Do you have any particular fond memories of working at Neighbours?
Of course – how could I not? It was such a breath of fresh air. The theme song was written by Jackie Trent and Tony Hatch and because I was also a cabaret artist I got to work with them…. Terrific musicians and really astounded by how HUGE the theme song became. Of course Des O’Connor had the hit in England but originally the song was sung by Barry Crocker whom I also knew…and who I actually saw only a few weeks ago singing better than ever. Reg Watson was a lovely lovely man with a pixie face. He had been heavily involved with the original Crossroads in England and my uncle Jack Haig had been a permanent character in that show – and my cousin Sue had been his “switcher” on the show…but neither of us knew that at the time. It was a lovely moment when we discovered the connection. We thought from the first that the show would be a big hit – so we were stunned to hear in May of …was it 84 or 85?… that Channel Seven was dropping the show. The producer then was John Holmes and I remember calling him on Mother’s Day to say how sorry I was. The programme head at Channel Ten then was Valerie Hardy and she had said previously …”I wish we had Neighbours”. Seven’s boo boo was Ten’s triumph. John Holmes was later my executive producer on both Blue Heelers and currently Home and Away. And then, of course, my daughter Kelly became one of the storyliners and later script editors for Neighbours… that would have been around 1996 – and Stanley Walsh, the executive producer at that time, is her grandfather. Once again, neither knew of the connection when she went to work there. So there always has been and always will be a strong connection… and I went back and wrote a little in…. Gosh early 96 maybe?… Sorry I am so bad with the dates.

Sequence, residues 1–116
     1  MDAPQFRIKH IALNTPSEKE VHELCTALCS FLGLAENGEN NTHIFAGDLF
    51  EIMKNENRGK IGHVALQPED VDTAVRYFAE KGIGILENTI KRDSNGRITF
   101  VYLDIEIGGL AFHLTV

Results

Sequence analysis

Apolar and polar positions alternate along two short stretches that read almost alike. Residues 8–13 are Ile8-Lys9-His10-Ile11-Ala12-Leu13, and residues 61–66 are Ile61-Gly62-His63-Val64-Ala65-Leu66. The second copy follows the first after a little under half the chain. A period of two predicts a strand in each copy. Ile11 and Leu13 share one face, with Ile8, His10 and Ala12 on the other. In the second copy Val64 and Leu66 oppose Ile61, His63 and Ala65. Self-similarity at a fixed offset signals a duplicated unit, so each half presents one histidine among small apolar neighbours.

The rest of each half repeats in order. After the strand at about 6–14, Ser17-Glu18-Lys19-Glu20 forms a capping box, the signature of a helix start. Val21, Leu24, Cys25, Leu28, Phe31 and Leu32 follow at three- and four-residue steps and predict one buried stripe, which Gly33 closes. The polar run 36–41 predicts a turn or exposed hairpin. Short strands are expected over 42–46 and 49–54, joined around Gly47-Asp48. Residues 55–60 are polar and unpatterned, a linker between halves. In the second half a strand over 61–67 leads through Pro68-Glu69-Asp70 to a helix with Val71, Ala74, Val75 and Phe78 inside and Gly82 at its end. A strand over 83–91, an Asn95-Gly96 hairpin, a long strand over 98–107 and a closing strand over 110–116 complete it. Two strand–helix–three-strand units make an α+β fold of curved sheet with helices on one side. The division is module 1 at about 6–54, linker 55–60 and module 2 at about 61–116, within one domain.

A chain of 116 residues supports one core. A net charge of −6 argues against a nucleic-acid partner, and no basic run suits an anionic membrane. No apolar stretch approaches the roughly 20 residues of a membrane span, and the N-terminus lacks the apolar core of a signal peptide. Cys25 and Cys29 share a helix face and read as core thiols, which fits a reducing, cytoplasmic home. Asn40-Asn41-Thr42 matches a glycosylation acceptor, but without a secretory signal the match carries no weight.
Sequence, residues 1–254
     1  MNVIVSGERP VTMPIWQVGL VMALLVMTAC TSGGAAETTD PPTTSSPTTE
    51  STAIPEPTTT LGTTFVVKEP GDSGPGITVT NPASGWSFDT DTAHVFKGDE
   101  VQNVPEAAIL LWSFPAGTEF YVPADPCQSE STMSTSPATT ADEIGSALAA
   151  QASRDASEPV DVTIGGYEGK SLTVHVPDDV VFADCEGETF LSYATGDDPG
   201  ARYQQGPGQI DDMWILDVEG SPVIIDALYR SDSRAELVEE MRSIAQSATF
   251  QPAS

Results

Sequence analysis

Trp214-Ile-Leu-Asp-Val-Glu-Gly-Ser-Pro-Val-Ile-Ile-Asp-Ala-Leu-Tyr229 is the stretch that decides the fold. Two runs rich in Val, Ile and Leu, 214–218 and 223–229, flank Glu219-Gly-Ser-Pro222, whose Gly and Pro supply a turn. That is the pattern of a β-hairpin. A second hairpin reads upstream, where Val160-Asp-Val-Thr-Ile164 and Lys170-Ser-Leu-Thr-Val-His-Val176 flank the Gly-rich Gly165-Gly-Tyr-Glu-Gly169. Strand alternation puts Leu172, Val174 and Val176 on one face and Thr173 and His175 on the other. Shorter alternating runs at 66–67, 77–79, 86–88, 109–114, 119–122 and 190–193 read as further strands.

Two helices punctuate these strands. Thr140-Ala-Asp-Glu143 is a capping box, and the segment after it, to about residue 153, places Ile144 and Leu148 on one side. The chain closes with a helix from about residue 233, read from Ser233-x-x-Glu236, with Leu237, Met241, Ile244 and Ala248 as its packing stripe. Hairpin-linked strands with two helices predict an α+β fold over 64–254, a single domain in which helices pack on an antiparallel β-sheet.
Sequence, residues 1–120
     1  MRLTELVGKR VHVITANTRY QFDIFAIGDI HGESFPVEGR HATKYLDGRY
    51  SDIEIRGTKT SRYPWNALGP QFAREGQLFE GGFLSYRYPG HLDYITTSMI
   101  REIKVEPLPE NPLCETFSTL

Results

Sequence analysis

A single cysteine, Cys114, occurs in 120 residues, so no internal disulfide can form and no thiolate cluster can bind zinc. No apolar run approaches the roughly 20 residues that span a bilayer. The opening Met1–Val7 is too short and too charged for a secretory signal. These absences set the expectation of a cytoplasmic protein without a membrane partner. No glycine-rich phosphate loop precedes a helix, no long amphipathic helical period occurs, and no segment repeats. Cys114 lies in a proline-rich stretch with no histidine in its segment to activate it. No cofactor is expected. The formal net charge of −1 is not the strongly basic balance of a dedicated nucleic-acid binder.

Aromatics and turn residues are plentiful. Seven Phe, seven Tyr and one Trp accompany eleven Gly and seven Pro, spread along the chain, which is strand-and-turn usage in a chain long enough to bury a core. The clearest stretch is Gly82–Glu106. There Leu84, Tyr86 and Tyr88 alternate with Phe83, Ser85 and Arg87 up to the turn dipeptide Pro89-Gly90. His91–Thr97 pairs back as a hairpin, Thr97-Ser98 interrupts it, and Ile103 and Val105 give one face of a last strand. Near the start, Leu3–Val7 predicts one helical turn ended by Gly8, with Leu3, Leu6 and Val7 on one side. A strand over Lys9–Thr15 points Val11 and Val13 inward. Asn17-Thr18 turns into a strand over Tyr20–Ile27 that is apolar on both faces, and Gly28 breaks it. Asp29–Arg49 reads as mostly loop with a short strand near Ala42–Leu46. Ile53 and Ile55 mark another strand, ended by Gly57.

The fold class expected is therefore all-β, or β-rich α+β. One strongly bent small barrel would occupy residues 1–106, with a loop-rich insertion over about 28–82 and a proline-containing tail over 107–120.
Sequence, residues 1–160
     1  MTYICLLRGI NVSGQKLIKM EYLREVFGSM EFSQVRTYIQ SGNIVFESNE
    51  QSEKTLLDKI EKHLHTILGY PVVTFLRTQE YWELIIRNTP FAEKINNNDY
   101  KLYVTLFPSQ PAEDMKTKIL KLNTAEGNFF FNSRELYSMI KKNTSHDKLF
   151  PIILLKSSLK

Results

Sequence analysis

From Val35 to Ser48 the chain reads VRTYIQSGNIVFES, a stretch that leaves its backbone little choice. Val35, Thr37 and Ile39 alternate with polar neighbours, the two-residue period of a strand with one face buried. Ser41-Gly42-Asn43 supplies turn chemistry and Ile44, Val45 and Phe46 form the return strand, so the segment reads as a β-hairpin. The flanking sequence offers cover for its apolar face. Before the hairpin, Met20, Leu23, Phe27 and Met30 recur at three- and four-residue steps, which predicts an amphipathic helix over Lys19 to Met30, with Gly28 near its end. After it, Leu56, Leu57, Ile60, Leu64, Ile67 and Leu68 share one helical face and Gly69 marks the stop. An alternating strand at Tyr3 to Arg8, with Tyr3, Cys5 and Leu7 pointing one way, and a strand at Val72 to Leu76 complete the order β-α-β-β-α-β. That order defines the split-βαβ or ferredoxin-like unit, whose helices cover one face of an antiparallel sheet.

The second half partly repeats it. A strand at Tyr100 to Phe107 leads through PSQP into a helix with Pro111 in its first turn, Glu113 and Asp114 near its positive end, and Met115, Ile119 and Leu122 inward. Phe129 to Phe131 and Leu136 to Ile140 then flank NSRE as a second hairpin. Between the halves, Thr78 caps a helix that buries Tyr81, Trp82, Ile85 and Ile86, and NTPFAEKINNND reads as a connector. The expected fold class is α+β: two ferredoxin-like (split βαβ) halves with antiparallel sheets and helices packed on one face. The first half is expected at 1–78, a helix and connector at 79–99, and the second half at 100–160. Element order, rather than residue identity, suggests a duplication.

Do you watch the show these days - what do you think accounts for its enduring success?
I do watch the show when I can – last episode I saw was Toadie’s wedding and the big car accident. WOW!!! Television is so demanding though that I barely have time to watch my own show (Home and Away). I’ve always thought that the attraction was that generally Neighbours is an upbeat show – it says, even in the midst of high drama, that the community is there for all its members and that there are people you can count on. It doesn’t rely on bitchery or murder or betrayal or crime… it just takes a microscope to the lives of people who, because they are blessed to live in Australia, have a lifestyle where you don’t need to be rich… and the sun keeps you warm. EastEnders and the likes tend to depress me. I’d like to think, when all is said and done, that if I needed to I could knock on the door next door and MY neighbours would be there for me – even if, like Harold and Lou, we’d had our spats in the past. It’s a pretty good promise for any show to hold out to its audience.

For more information on Coral's career, visit www.thedramaqueen.net

Interview by Steve. Added on 6th March 2004